• Clingy Jealous Girl: The queen of faeries quips that if she had known that Tam Lin would fall in love with a mortal girl named Bonnie Janet, she'd have petrified his eyes.
  • The Cobbler's Children Have No Shoes: Red points out that despite being the goddess of love, Aphrodite has serious issues involving her marriage to Haephestus.
  • Colour-Coded for Your Convenience: Red has red eyes and Blue has blue eyes.
  • Color-Coded Characters: The gods Red draws are usually drawn with one colour. For example, Aphrodite is coloured pink, for their association with love and romance. In "The Aeneid", Aeneas is depicted with reddish-pink hair since he's depicted as the son of Aphrodite.
  • Continuity Snarl: Red often points out that stories are also different from telling to telling and that one myth may contradict with another myth, especially with Greek mythology. For example, with Hippolyta:
    • In her Heracles video:
      Red: They (Amazon) dogpile on him and in the chaos, Heracles kills Hippolyta, for some reason, and bail with the girdle.
      Heracles: Sorry, Hippolyta.
      Hippolyta: It's cool. Pretty sure I have to be alive to marry Theseus later anyways.
    • Hippolyta is briefly mentioned in the video about Hippolytus as the mother of the titular character, one of her footnotes is "Banged Heracles and died (???)."
  • Cool and Unusual Punishment: The souls in "College Hell" are subjected to a range of bizarre punishments:
    • The punishment for the souls trapped in the First Circle (Limbo) is to simply not to go to college.
    • Those in the Second Circle (Lust) are punished by being hit on by a creepy person in a frat party for all eternity.
    • Souls in the Third Circle (Gluttony) are forced to eat nothing but dining hall food for the rest of time.
    • People in the Fourth Circle (Greed) are doomed to an eternity of working as a fry cook at Burger King.
    • Souls in the Fifth Circle (Wrath) are forced to stress and study forever. And if they ever take their eyes off their work, they instantly forget everything.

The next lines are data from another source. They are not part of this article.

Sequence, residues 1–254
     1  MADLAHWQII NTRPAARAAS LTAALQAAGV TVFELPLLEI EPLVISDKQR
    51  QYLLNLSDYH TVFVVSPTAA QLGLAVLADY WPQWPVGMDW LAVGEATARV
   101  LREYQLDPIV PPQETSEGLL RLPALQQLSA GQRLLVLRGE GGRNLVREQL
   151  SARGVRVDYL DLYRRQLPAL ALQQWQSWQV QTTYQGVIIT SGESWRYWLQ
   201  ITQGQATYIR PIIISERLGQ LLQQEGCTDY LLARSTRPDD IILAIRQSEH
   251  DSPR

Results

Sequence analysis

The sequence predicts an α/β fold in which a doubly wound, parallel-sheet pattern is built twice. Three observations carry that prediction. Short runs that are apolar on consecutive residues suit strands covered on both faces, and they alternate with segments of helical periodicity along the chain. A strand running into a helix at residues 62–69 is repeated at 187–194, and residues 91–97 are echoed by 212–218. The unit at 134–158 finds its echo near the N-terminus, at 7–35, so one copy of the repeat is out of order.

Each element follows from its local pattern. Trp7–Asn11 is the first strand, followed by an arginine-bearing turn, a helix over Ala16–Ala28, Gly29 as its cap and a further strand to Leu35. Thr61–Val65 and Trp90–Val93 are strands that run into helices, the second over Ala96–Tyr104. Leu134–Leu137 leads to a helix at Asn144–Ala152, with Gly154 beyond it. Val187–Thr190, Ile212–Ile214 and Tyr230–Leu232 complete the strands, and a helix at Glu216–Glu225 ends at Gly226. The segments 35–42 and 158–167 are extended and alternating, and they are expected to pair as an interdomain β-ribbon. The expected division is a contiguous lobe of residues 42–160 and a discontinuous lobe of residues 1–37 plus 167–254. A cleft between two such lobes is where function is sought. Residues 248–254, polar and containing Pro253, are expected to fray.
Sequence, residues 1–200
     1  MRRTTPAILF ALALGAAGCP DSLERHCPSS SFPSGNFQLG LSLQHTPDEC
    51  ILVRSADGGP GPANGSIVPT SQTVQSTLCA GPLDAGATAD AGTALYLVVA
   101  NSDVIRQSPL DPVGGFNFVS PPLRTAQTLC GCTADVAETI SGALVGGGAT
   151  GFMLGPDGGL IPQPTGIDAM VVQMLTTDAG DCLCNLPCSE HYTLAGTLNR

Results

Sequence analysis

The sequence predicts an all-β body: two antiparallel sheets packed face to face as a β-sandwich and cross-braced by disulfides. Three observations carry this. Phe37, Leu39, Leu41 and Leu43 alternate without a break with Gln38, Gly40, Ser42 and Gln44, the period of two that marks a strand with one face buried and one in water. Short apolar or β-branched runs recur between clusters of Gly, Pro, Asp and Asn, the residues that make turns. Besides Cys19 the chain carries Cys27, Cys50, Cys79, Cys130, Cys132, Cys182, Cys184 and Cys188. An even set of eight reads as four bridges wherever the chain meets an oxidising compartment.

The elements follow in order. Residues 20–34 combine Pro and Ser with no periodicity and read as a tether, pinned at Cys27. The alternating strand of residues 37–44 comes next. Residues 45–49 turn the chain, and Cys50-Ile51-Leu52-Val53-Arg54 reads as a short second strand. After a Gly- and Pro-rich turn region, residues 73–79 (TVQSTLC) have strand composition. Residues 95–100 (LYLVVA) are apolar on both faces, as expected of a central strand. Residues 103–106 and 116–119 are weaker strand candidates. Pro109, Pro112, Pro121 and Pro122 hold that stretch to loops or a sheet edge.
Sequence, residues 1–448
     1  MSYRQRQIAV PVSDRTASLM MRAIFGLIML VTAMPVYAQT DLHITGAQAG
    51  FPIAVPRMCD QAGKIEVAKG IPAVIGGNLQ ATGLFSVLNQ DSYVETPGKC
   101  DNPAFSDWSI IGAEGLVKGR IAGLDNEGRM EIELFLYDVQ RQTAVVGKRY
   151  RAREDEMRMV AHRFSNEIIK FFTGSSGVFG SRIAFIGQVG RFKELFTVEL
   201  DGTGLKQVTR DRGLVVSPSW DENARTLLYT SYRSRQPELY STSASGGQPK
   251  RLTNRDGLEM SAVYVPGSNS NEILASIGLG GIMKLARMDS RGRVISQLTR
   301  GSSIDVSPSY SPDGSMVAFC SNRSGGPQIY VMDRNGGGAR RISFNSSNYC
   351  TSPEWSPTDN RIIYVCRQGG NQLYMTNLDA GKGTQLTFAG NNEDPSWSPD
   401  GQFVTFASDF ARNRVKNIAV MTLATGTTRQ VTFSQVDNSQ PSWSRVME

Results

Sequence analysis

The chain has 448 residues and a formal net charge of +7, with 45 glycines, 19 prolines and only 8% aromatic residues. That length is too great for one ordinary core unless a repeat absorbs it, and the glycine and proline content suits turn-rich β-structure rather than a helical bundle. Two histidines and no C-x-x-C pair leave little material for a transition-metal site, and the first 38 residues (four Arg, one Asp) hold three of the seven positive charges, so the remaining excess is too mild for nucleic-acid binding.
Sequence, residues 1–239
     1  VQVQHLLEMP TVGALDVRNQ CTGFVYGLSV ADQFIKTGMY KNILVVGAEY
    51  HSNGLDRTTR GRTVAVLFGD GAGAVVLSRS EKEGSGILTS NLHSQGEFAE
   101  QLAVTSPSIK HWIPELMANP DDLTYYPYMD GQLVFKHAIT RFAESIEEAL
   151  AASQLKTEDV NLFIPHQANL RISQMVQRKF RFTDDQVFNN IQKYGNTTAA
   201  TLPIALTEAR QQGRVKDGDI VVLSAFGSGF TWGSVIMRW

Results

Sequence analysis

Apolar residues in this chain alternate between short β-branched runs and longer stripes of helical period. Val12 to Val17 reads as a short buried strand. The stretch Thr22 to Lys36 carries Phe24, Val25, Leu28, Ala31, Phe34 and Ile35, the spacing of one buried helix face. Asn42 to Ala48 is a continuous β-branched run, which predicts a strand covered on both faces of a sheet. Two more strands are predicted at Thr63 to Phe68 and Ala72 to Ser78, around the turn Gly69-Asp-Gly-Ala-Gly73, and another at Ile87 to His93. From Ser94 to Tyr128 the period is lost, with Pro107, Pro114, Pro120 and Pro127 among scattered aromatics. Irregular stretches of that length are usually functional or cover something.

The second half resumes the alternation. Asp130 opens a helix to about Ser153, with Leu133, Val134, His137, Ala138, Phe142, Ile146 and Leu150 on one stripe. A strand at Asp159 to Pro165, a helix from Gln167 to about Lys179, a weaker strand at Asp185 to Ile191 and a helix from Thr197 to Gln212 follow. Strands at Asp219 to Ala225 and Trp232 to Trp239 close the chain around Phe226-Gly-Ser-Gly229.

• Those in the Sixth Circle (Heresy) hold office hours in burning cubicles forever.
    • Each of the three rings in the Seventh Circle (Violence) has a different punishment:
      • In the first ring (Violence Against Neighbors), these souls are forced to remain in their rooms with the sprinklers going off for the rest of time.
      • In the second ring (Violence Against Self), people are transformed into expensive textbooks.
      • In the third ring (Violence Against God, Art, and Nature), souls are forced to wear sweaters from rival universities and deal with the social consequences forever.
    • The Eighth Circle (Fraud) a.k.a the Malabolge has a number of punishments:
      • Bolgia 1 (Pandering): Those who refuse to contribute in group projects are forced to drag huge boulders around in a twisted infinite relay race.
      • Bolgia 2 (Flattery): Teacher's pets who endlessly kiss up to their professors are turned into actual pets.
      • Bolgia 3 (Simony): Those who sign up for prime-time class slots and sell them back for ridiculous prices are sentenced to eternal 8:00 am classes, and are also upside down and on fire.
      • Bolgia 4 (Sorcery): Those who try to cheat their own futures by procuring previous years' study material are doomed to always using the wrong study guides.
      • Bolgia 5 (Graft): Those who try and line up "business opportunities" with other students are sentenced to the worst job interview ever. They are unprepared, their suit is uncomfortable, one of their pockets is falling off, one of their shoes is brown and the other is black, and they spend the entire time hoping that the interviewer doesn't notice (but he does).
      • Bolgia 6 (Hypocrisy): Students who start off squeaky-clean and starry-eyed but wind up completely trashing their work ethic after a single semester are forced to explain their deteriorating grades to their parents over an eternally awkward dinner. Plus, they smell of weed the entire time, which tips off the parents right away.
      • Bolgia 7 (Theft): Criminals who callously steal unattended laptops in the library are doomed to an eternity of being hunted by Liam Neeson.
      • Bolgia 8 (Deception): The jerks who lie to their friends during housing by saying that they'll all stick together but leave to get a single all by themselves find themselves in the absolute worst room on campus: no outlets work, there's a sprinkler directly over their bed, the windows don't open, and the room permanently smells of pee. It's also right next to the RA's room and walls are paper-thin, and the neighbors on the other side are constantly having sex. Their roommate also has a significant other who never leaves and has the worst laugh.
      • Bolgia 9 (Schism): Gossipers who never stop spreading lies suddenly find themselves being gossiped about.
      • Bolgia 10 (Forgery): Those who plagiarize their work have the words they stole permanently and repeatedly branded on their skin.
    • And finally, the souls in the Ninth Circle (Treachery) are each subjected to a different punishment:
      • Round 1 (Traitors to their Kindred): People who spend all their parents' money are frozen in the nearest body of water.